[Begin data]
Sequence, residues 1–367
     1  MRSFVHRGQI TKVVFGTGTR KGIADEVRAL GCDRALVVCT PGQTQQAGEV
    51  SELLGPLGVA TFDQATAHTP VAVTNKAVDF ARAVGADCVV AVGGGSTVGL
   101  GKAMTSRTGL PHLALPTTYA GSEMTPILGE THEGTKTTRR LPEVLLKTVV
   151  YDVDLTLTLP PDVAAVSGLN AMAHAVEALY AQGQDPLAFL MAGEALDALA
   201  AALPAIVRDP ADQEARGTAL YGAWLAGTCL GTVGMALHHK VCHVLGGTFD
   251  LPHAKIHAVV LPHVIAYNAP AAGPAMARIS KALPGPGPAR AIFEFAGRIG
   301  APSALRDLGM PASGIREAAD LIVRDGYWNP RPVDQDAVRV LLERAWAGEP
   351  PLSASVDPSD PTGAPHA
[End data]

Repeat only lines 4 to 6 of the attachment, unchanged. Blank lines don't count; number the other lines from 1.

   101  GKAMTSRTGL PHLALPTTYA GSEMTPILGE THEGTKTTRR LPEVLLKTVV
   151  YDVDLTLTLP PDVAAVSGLN AMAHAVEALY AQGQDPLAFL MAGEALDALA
   201  AALPAIVRDP ADQEARGTAL YGAWLAGTCL GTVGMALHHK VCHVLGGTFD